A few days later I warned my husband I had to talk to him about something to do with my career. (You know, the career I am going to have in official church ministry, rather than the career in academia I abandoned.) And put off the inevitable for a few days longer. Eventually I caved and spoke to him about my concerns. And do you know what this man, my supportive spouse in our Christian family who doesn't 'get' church but who gets me, do you know what he said? He said:
"But you know, it will all be alright."
And in the utterance of those words, I know it would be alright. Not because he said so, but because we have been here before, about many things. And after going round the houses and worrying for a while, I always realise that - this is God's plan, so it must be alright, and He will equip me and my family with whatever we need to do whatever work He has in store for me, without them and their needs being neglected, if it is what He truly wants.
I remember a previous incumbent explaining to me that I needed to seek out one small part of God's plan for me at a time; it is impossible to see His bigger picture, but it is possible to see it unfold and realise that each babystep at a time is utterly possible, and can lead to a giant leap. I myself had previously visualised God's story for me appearing like words being written on an empty page ready to be filled, and it's true - there is no point reading the ending, or skipping a chapter, or even a few paragraphs, before one is ready to get there. There is a whole journey to go through first, and you get to the right bit at the right time, and IT IS ALRIGHT. Of course I am not currently prepared for the next bit of the plan. Because I AM NOT THERE YET!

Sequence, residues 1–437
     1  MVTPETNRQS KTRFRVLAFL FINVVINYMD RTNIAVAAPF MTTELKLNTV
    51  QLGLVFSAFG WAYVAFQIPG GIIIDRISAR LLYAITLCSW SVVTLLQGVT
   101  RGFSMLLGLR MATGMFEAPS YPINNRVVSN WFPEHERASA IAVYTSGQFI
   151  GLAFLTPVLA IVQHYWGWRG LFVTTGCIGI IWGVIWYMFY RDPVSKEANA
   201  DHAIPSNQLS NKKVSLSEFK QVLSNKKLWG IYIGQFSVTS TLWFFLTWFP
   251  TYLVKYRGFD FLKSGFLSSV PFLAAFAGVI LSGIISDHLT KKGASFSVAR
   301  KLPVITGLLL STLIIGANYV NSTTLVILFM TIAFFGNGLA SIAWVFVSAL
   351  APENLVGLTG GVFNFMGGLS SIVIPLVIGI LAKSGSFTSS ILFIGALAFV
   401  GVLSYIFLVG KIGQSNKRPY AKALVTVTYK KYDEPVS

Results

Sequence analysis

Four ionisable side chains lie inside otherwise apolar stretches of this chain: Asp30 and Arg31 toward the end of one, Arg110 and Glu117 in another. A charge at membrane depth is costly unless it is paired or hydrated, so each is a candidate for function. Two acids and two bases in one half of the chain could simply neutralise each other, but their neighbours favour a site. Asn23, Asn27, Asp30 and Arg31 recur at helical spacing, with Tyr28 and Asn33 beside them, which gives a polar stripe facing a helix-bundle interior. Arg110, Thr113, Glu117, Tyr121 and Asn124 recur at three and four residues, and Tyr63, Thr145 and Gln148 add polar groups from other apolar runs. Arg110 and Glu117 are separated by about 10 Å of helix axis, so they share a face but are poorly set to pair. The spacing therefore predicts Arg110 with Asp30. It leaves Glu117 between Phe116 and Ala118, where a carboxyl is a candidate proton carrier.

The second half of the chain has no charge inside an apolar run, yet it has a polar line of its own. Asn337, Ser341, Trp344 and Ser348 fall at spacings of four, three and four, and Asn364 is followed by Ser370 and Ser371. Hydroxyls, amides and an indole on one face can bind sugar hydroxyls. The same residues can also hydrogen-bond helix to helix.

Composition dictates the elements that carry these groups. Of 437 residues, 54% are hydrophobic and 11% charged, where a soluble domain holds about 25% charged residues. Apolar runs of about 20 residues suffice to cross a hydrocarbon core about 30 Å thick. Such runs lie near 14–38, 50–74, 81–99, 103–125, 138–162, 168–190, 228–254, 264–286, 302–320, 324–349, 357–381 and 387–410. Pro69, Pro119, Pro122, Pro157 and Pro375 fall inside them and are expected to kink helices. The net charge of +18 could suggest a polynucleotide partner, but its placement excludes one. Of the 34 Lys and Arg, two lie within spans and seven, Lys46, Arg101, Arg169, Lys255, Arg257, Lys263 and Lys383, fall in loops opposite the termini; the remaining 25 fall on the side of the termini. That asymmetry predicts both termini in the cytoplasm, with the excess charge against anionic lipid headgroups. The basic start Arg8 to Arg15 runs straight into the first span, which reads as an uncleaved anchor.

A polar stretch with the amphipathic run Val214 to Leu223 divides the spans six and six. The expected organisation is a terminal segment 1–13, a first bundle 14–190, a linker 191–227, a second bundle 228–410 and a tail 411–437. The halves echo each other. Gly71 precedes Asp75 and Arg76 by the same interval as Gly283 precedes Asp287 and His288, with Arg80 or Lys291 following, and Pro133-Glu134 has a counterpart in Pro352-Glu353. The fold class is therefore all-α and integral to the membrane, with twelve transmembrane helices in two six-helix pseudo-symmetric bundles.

How blessed am I to have a husband who helped me shortcut back to the trust-in-God-it's-His-plan mentality. I did have to pray as well. And stop feeling sorry for myself. And realise that things are the right fit for ME at this time, and will be so in the future. I am sure I will go through a cycle like this again (and I am not discounting spiritual attack for increased occurences of distrust and self-doubt, because they usually occur the further I journey down my route to ministry.) But I will try and remember the solution!
The folder and books are still on the shelf. (Did I mention I'd sprained my ankle?) But I started thinking about things I AM able to do in my life as a mother, and asked about joining our church's Prayer Team (as one of its leaders said, "You can do that while pushing the baby in the buggy.") I also realised this week that I am now ready to approach our local hospitals to find out more about the chaplaincy team - after all, hospital chaplaincy takes place 24/7, and I do have some evening capacity. Sometimes when feeling we are blocked in, drowning in responsibility and confusion, it's because we need to learn to look at something in a different way. And to remind ourselves to remain patient.
So I am mentally preparing for the new academic year in September; but we are enjoying the last few weeks of school holidays now. There is a right time to grab my books and dig in; I may take little dips in with my toe, and get time to read an entire book before term starts, but I am not rushing the present, and certainly not the future. I get to watch ThirdSister grow, and sort out opticians' appointments and have girls' friends round to play. I suspect there will be subtle shifts in the way things are done around here in subsequent years (it honestly won't be that long before ThirdSister will have a pre-school place), but I don't need to think in terms of everything turned upside down quite yet.